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After a lengthy gestation Interrogating Democracy in World Politics is now available from Routledge. The edited volume, which Meera, Laust Schouenborg and myself put together, features a set of critical essays examining the meaning and role of democracy in world politics by top thinkers in the field. We’re obviously very excited to see our names on the front of a book and to continue exploring a topic that began as a special issue (Vol. 37, No. 3) of Millennium: Journal of International Studies back in 2009. For the moment you can preview our introduction to the book on the Routledge website to get a taste of what’s on offer.
We’ll see you there…
It is curious how little countenance radical pluralism has ever had from philosophers. Whether materialistically or spiritualistically minded, philosophers have always aimed at cleaning up the litter with which the world apparently is filled. They have substituted economical and orderly conceptions for the first sensible tangle; and whether these were morally elevated or only intellectually neat they were at any rate always aesthetically pure and definite, and aimed at ascribing to the world something clean and intellectual in the way of inner structure. As compared with all these rationalizing pictures, the pluralistic empiricism which I profess offers but a sorry appearance. It is a turbid, muddled, gothic sort of affair, without a sweeping outline and with little pictorial nobility.
-William James, A Pluralistic Universe (1909)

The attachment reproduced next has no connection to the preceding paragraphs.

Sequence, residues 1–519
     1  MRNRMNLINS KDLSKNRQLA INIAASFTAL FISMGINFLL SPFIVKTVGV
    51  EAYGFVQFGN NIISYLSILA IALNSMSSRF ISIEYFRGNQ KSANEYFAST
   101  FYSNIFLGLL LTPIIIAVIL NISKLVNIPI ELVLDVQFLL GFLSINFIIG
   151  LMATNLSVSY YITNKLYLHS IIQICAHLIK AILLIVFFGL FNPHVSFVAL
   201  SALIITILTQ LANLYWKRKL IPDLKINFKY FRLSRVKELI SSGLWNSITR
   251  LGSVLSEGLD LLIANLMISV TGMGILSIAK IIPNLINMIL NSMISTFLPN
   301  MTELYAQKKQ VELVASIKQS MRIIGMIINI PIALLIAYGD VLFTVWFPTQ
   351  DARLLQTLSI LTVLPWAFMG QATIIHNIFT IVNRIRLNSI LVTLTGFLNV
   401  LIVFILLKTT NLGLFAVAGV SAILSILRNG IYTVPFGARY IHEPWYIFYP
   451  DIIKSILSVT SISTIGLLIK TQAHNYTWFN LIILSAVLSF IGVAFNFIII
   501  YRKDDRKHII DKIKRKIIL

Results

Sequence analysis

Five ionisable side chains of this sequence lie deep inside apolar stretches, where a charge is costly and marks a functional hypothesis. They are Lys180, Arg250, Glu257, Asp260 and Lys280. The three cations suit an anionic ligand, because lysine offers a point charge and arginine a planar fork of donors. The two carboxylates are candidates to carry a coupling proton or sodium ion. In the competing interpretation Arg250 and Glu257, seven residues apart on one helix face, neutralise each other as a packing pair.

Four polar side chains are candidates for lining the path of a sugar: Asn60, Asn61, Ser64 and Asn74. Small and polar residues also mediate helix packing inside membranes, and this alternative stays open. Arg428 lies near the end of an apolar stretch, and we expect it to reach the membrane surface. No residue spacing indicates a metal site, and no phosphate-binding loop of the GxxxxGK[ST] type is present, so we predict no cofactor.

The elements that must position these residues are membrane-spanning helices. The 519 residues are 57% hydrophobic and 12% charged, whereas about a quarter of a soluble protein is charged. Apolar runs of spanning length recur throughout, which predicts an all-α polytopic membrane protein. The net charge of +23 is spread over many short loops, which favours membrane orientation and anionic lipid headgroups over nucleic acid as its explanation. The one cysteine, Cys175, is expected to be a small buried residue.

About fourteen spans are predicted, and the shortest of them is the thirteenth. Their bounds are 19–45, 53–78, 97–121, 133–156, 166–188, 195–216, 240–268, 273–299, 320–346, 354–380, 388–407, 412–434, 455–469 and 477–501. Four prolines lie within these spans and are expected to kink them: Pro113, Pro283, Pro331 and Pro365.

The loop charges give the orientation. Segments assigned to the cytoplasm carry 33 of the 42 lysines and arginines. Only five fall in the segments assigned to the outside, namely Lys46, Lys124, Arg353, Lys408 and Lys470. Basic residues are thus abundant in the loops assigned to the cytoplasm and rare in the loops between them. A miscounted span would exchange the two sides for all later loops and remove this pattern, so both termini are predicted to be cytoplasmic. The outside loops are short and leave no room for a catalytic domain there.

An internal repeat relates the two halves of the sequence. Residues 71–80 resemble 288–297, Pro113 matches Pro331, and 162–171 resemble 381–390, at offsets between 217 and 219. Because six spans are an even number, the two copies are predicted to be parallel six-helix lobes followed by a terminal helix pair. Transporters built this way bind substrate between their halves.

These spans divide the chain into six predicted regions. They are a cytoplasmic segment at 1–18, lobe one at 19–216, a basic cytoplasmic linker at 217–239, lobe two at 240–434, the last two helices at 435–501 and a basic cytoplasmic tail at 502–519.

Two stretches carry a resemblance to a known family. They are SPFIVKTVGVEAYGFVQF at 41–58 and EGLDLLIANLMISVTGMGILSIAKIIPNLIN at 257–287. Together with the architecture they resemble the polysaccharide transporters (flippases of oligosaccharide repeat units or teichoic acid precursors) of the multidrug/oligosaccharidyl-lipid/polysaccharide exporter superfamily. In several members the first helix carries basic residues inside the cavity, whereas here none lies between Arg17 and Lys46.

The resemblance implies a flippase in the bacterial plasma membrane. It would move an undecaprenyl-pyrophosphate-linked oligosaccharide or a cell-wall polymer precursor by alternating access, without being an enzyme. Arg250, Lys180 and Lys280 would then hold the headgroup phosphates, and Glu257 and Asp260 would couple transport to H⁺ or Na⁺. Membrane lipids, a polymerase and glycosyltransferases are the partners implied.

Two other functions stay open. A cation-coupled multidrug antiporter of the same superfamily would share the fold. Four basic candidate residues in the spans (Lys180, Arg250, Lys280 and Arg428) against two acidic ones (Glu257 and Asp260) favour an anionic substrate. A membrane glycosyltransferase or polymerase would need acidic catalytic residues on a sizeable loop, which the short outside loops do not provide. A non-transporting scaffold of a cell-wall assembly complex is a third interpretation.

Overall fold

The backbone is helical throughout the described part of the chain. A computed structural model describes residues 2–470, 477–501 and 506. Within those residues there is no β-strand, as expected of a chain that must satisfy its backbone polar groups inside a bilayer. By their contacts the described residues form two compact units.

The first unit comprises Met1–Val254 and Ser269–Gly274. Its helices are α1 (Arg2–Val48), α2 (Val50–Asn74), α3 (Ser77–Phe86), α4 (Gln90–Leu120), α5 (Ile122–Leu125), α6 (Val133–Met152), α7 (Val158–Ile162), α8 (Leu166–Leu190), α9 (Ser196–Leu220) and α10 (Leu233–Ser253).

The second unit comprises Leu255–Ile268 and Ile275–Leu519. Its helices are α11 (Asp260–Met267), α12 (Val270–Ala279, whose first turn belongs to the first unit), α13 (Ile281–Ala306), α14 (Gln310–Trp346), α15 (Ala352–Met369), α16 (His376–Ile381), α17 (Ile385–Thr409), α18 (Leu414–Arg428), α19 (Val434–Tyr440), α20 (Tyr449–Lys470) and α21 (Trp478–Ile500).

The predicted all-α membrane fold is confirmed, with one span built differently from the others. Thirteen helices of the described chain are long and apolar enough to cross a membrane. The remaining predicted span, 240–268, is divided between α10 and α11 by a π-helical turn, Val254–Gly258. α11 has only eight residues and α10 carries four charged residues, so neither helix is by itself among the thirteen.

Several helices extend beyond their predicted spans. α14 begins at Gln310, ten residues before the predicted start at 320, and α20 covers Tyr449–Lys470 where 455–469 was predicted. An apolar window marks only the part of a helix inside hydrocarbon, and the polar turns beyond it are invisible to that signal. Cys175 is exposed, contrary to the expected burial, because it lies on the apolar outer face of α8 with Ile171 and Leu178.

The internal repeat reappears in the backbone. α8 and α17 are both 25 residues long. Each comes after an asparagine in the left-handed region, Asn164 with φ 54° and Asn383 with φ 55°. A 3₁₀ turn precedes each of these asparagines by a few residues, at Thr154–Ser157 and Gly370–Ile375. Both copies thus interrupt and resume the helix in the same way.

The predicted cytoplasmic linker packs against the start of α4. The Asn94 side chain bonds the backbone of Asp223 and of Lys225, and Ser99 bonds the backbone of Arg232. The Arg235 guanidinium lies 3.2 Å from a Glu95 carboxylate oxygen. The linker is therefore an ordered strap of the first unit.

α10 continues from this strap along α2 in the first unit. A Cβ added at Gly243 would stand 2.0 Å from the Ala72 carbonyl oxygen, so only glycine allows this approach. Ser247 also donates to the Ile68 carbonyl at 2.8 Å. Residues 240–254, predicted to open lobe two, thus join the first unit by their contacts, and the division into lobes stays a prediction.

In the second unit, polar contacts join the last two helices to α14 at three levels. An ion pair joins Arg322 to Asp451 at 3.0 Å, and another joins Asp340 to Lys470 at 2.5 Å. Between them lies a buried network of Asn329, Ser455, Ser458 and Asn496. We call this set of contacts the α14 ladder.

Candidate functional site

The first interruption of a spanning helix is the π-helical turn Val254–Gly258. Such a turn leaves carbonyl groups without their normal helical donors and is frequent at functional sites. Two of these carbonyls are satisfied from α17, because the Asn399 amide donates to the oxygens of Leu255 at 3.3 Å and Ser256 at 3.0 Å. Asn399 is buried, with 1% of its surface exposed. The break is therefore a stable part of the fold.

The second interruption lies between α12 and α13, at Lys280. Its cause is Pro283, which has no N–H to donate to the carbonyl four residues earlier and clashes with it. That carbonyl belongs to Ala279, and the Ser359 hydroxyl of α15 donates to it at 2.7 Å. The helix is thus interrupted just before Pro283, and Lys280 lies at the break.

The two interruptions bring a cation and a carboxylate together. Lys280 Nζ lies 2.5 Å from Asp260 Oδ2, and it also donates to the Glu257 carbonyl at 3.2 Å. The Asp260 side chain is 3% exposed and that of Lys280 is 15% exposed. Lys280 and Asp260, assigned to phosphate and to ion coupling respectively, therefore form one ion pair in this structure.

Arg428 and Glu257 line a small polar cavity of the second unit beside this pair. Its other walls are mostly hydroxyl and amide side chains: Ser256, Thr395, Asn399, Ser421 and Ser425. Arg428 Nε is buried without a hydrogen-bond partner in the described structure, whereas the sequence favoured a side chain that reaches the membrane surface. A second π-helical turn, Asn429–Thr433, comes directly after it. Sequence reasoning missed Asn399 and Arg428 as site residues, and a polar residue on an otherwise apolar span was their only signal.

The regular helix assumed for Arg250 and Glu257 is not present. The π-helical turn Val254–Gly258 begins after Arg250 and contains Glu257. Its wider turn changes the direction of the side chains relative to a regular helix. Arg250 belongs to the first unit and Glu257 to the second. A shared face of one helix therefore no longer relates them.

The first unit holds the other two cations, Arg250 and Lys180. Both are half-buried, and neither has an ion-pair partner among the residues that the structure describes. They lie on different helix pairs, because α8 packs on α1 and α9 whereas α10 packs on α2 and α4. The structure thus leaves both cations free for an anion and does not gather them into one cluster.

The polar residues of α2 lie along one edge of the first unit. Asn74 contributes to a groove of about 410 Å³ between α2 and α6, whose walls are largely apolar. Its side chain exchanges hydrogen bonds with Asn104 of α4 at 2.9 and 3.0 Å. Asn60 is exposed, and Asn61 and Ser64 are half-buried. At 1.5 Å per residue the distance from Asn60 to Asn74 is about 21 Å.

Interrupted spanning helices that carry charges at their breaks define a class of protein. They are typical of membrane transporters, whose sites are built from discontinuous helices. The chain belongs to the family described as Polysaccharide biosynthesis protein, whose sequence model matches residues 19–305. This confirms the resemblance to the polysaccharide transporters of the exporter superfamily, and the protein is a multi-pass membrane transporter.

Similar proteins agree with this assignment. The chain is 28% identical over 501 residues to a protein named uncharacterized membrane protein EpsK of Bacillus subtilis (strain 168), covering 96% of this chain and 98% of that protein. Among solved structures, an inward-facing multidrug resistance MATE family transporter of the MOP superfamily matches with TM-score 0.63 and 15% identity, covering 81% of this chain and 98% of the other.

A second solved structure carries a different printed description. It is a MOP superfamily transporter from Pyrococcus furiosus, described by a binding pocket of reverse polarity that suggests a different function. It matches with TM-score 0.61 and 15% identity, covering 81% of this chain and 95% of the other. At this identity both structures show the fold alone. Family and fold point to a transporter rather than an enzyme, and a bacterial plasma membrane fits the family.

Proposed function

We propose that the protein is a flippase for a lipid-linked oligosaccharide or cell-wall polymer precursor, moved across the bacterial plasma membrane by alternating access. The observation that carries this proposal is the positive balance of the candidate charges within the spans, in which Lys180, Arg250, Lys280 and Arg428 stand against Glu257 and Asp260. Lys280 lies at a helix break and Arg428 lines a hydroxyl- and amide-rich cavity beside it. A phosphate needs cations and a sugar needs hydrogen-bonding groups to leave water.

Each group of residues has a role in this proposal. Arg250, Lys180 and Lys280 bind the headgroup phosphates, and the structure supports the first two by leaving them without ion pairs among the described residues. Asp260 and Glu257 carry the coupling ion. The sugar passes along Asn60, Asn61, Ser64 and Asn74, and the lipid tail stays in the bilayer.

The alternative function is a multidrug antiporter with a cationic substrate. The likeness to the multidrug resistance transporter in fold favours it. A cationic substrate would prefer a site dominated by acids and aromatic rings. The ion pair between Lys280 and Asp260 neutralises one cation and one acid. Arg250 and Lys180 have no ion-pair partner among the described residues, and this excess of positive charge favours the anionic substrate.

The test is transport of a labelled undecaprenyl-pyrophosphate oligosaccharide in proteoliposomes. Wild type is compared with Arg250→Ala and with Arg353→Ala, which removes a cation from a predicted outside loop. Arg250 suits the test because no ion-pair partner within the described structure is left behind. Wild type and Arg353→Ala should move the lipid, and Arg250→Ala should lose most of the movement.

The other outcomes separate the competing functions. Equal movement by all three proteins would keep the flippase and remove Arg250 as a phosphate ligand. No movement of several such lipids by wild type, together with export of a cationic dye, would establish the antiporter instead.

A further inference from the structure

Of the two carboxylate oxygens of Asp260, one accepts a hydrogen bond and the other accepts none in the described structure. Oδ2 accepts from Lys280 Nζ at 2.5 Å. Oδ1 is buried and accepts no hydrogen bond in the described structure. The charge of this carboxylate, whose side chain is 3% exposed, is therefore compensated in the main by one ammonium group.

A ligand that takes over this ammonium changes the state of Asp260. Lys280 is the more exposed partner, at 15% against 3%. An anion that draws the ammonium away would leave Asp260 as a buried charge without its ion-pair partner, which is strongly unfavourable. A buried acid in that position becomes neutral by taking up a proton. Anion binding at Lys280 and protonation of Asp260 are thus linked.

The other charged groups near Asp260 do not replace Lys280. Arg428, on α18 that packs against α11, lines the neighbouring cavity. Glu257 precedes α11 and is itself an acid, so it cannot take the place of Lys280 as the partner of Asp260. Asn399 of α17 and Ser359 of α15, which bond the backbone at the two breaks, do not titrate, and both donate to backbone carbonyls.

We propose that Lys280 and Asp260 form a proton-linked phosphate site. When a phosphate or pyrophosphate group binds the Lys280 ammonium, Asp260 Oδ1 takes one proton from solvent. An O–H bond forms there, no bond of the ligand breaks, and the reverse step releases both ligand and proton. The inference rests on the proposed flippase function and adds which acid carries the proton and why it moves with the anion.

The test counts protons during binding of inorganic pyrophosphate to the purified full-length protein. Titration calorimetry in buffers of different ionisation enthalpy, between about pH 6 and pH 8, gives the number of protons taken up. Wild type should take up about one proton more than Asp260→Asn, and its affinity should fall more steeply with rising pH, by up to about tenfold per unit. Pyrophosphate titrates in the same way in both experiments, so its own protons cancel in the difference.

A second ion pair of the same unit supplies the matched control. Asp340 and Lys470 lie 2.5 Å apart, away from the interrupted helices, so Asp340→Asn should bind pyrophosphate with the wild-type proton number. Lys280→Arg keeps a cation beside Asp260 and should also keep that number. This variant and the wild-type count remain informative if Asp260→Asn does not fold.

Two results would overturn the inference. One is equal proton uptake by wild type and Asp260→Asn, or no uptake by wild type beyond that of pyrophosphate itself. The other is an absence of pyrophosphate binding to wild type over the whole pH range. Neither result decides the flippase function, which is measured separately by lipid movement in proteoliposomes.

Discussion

The splinter in your eye is the best magnifying-glass.
- Theodor W. Adorno, Minima Moralia: Reflections On A Damaged Life (1951)
Utopias afford consolation: although they have no real locality there is nevertheless a fantastic, untroubled region in which they are able to unfold; they open up cities with vast avenues, superbly planted gardens, countries where life is easy, even though the road to them is chimerical. Heteropias are disturbing, probably because they secretly undermine language, because they make it impossible to name this and that, because they shatter or tangle common names, because they destroy ‘syntax’ in advance, and not only the syntax with which we construct sentences but also that less apparent syntax which causes words and things (next to and also opposite one another) to ‘hold together’.
Michel Foucault, The Order Of Things (1966)
Ring the bells that still can ring Forget your perfect offering There is a crack in everything That’s how the light gets in
Leonard Cohen, ‘Anthem’, The Future (1992)
- Pablo, Joe & Meera